Question 2 – The Eternal Fish

Just walked past my daughters siamese fighting fish, (why it is called that I do not know as he never fights, he just floats there, occasionally going “bloop” with his little fishy breath, and not eating his fish food which then sinks to the bottom of his vase and becomes a conglomeration of unappetising muck), -deep breath after that long-winded partial sentence –  however, he did prompt this thought:

Just going "bloop" again
Just going “bloop” again

Question 2

How do “they” know a goldfish only has a 3 second memory?

Have “they” magically been turned into goldfish so they could time the length of their memory process, and if they have, how did they remember it afterwards?

7 responses to “Question 2 – The Eternal Fish”

  1. I have accidentally become a surrogate mom to MY daughter’s Siamese fighting fish whom she inadvertently left behind when she moved to the west coast. They are called fighting fish because if you put two of them in the same tank they will fight until one of them kills the other. In fact, if you put two of them in separate bowls next to each other they will fight through the glass. Or so I am told.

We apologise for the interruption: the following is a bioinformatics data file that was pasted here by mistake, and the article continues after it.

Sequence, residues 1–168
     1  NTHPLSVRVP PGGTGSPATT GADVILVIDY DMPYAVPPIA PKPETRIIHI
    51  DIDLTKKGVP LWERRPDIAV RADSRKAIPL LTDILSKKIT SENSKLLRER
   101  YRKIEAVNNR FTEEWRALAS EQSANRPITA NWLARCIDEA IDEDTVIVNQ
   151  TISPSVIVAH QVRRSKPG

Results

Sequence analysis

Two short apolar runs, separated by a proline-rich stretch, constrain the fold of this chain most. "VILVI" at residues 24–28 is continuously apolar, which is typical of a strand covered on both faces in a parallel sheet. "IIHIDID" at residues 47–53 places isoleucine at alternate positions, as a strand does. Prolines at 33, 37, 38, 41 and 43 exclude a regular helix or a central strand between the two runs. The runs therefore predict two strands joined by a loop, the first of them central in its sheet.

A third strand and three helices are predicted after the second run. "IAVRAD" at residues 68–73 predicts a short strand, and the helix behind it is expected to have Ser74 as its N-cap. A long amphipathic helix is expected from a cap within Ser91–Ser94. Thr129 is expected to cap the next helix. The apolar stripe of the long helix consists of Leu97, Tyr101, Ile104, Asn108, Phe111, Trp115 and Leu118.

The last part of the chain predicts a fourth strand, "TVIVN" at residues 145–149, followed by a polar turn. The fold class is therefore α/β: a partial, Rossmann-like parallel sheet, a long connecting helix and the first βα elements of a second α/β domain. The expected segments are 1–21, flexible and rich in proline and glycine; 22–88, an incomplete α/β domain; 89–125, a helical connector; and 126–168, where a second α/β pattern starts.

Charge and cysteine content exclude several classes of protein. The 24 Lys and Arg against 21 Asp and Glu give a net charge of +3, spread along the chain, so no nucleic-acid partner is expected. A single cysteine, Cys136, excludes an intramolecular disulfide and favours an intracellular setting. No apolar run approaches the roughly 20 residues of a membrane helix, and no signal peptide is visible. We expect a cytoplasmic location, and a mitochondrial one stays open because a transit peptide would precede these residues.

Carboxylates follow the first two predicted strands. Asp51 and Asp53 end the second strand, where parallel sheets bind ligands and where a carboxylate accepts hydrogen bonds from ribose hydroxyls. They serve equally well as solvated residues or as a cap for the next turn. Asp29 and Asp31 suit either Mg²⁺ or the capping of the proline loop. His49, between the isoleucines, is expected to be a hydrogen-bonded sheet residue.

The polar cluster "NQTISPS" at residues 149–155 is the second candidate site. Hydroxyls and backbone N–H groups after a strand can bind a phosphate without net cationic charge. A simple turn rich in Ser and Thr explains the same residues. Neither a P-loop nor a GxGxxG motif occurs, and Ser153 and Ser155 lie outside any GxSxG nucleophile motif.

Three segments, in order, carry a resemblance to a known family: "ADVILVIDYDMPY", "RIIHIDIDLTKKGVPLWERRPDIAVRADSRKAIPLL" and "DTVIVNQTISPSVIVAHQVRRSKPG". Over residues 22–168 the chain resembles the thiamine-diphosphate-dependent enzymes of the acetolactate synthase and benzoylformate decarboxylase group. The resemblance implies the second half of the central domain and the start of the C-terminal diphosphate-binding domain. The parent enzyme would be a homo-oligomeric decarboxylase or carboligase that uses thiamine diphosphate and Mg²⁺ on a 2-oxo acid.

Poseidon is a cutie, I will post of picture of him on my blog tomorrow. He’s actually fairly friendly for a fish – or maybe just always begging for food…..

    He has not mastered the bloop as of yet. Nice post 🙂


    1. Thanks, yes I knew that, but even when we had to in adjoining tanks, they never fought with each other. Too lazy. Looking forward to seeing the colours of yours.


      1. Finally got my Fishie Fotos up on the blog. I haven’t figured out yet how to adjust the size of the photos I post. Did you size your fish photo or was that the original size?


        1. Mm, think I cropped it a bit to get it, but is was fairly closeup when I took it. Will check your fishies out soon.


  2. Reblogged this on to search and to find and commented:
    Question 2 – from my other Blog


  3. I think of Siamese Fighters when I think of my year as an exchange student in Tasmania because one of my host families bred them. They had neighboring tanks, and when the male built his bubble nest (as yours looks like he’s trying to do) I sat in awe as the female and male performed their intricate mating ritual. If you have never watched, it is an amazing sight. Just be sure to get the female out when they are done so he doesn’t go after her!


    1. Oh, I didn’t know that was what he was doing. Although it would have been a waste as he was the sole occupant in the house (and sadly he has now gone to fishy heaven). I will have to goggle it, it sounds interesting. 🙂


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